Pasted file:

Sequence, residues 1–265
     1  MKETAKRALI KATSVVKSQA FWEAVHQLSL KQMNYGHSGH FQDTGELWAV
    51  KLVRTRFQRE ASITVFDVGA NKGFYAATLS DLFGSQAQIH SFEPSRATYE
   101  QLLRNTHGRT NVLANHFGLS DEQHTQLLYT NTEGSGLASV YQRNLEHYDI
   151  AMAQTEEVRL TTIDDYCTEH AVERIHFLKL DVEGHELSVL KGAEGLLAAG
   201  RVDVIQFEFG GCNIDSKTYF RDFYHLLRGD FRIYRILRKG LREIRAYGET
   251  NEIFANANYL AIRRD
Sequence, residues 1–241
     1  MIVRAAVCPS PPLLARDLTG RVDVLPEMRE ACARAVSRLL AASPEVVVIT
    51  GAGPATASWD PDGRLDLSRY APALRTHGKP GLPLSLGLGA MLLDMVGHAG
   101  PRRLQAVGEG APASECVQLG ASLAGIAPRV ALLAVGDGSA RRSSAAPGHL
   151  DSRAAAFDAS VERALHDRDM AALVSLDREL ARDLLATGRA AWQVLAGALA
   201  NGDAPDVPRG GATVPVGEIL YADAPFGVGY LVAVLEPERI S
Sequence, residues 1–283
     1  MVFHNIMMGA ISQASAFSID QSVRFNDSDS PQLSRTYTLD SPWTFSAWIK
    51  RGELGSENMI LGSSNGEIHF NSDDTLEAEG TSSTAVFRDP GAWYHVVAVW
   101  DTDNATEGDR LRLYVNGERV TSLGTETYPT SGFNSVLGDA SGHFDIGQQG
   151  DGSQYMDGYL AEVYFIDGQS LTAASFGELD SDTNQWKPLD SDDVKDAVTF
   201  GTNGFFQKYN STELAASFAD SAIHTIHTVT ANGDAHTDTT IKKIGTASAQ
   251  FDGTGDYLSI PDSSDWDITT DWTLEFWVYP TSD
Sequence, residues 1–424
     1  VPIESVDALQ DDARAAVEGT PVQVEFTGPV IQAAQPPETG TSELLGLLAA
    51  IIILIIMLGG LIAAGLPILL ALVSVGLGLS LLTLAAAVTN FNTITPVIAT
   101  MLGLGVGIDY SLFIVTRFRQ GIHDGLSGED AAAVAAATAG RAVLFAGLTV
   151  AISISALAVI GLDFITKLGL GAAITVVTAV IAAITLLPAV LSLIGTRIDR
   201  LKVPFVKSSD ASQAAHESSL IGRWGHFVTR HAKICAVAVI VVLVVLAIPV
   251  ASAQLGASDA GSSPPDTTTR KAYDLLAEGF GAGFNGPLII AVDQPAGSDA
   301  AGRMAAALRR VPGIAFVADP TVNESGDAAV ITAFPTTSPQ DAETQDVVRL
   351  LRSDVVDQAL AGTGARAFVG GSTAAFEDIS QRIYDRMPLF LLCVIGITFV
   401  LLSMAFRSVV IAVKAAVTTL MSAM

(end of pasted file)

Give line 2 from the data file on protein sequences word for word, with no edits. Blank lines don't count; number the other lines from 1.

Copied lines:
     1  MKETAKRALI KATSVVKSQA FWEAVHQLSL KQMNYGHSGH FQDTGELWAV